a pity that when we talk about wealth, we almost
exclusively think about money and material possessions.
Yet this is only one way of being wealthy.
two sides to our being: the body, and the mental
or spiritual—the outer and the inner.
And both must be cared for. If we neglect the
body and do not feed it, it will die; if we
neglect the spirit, it will dry up.
In a materialistic
society, the emphasis is on external wealth,
and the result is that we are out of balance
with ourselves. One Master said: "What
shall it profit a man if he gains the whole
world, but loses his own soul?"
Looking on worldly
wealth as a liability and a burden, the same
Master said: "It is easier for a camel
to go through the eye of a needle than for a
rich man to enter the Kingdom of Heaven",
and exhorted people to sell their possessions
and give their money to the poor. The poor would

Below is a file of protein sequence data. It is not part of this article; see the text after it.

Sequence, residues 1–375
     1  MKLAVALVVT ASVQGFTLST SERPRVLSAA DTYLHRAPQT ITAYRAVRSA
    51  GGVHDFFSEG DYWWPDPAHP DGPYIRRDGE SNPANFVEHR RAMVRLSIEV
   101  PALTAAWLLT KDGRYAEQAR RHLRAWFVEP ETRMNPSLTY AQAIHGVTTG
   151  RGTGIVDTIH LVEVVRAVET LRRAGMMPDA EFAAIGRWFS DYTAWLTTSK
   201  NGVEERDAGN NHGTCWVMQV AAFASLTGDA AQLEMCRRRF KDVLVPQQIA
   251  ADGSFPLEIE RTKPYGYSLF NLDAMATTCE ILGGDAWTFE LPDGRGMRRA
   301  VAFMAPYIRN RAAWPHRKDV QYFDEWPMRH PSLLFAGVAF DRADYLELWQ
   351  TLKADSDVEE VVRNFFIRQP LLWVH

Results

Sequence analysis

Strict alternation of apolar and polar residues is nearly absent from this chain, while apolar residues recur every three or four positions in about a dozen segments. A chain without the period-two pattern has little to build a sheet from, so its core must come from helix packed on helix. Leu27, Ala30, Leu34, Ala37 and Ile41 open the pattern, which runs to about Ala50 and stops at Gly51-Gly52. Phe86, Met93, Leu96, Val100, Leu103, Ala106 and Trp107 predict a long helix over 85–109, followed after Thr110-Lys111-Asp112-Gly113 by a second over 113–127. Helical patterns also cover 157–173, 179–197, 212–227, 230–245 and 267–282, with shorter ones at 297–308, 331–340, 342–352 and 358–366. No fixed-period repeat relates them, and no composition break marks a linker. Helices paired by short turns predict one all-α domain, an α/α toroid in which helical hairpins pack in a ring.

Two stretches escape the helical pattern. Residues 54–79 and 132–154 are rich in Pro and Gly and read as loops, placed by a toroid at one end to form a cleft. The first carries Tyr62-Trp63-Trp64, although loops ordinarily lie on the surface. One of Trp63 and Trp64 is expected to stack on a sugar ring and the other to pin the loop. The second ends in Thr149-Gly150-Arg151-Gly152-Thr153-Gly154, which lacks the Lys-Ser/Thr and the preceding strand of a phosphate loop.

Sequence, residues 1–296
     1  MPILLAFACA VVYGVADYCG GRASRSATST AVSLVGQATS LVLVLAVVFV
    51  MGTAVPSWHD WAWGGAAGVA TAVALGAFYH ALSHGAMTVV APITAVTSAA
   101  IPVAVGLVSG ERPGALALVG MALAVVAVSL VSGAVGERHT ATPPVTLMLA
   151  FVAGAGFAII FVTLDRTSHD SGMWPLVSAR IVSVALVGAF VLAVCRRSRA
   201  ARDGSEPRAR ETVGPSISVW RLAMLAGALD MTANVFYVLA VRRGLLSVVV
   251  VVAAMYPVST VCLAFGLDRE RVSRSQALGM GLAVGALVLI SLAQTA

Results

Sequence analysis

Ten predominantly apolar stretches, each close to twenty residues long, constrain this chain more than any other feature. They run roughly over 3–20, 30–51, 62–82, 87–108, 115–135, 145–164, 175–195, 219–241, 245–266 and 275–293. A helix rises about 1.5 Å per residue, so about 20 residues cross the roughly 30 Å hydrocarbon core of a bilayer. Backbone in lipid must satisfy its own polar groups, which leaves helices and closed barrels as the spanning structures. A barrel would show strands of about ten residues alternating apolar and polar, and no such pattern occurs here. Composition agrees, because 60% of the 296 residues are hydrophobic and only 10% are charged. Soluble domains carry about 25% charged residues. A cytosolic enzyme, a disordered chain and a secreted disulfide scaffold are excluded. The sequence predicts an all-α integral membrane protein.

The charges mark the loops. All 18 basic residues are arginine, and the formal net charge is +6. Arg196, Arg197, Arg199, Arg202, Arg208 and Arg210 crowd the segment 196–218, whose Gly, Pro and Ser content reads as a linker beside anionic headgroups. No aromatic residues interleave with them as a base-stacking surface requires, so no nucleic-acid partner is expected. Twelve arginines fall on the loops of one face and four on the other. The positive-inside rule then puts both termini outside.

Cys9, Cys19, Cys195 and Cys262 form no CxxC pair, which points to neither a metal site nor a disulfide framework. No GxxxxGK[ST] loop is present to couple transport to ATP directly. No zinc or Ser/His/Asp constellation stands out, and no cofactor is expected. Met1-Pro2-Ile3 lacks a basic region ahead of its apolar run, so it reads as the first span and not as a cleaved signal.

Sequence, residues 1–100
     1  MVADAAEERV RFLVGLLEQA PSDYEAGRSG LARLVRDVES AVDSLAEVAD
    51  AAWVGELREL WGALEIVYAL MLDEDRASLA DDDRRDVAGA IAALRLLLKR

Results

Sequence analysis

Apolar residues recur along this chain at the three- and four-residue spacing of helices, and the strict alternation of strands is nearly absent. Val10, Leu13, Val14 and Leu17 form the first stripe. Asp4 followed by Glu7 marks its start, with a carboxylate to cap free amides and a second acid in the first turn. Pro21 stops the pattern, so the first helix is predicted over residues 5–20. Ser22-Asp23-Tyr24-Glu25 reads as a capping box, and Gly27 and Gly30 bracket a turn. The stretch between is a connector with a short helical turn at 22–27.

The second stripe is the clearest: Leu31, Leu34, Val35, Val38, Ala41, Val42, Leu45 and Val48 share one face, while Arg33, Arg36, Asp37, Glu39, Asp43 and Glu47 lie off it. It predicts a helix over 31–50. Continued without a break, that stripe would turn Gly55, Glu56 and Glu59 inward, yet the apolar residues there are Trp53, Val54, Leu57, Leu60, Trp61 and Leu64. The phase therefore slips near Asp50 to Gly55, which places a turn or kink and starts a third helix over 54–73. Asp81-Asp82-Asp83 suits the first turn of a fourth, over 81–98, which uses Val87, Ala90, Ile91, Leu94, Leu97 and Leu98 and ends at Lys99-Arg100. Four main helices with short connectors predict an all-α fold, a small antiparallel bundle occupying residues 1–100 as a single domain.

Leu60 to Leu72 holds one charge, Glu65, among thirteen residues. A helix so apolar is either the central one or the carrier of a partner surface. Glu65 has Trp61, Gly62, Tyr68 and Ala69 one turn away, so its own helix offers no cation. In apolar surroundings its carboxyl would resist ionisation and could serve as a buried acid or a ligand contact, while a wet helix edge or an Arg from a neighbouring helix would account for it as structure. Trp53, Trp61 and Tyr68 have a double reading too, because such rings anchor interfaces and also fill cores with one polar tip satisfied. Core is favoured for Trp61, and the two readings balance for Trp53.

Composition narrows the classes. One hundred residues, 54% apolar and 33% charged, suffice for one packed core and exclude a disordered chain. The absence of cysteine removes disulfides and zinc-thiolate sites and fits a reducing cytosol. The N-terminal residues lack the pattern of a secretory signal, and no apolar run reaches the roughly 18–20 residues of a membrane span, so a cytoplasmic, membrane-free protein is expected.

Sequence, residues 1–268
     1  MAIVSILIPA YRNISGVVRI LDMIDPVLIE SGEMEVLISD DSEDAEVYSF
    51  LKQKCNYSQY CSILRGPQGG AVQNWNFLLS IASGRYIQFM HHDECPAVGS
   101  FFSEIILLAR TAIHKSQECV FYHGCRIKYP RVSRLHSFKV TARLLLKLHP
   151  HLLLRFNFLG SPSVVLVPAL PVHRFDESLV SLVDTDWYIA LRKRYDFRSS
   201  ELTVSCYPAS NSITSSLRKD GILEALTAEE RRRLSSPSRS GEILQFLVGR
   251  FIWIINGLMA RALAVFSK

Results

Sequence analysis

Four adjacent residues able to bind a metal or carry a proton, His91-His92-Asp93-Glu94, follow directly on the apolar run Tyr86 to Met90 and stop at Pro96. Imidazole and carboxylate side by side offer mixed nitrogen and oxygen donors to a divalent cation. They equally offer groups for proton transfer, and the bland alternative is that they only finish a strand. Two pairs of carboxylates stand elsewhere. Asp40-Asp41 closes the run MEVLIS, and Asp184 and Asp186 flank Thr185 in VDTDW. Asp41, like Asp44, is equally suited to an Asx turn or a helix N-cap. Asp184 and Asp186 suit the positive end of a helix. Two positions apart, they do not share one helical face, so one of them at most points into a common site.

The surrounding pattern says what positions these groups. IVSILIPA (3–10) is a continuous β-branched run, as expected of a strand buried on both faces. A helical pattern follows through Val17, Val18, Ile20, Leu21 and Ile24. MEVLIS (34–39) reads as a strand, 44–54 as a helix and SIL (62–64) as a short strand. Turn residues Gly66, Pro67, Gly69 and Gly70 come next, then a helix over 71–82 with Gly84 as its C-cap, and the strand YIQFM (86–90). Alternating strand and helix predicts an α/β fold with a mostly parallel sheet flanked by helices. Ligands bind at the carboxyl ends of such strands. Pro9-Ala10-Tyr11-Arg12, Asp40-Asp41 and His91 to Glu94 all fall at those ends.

then be poor no longer; who then, would they
pass the burdens to?
a knife on the table—material wealth can
do nothing; it depends upon how it is used.
Without it, how would it be possible to help
the starving in Africa, for example? Such use
of material wealth is a manifestation of spiritual
Worse than being
poor is to think you are poor, for then you
have condemned yourself to poverty. A person
who knows of the Way must consider himself rich,
for was not the Buddha the richest man in the
world, without a single cent? A person of few
wants and needs is rich, while one of many desires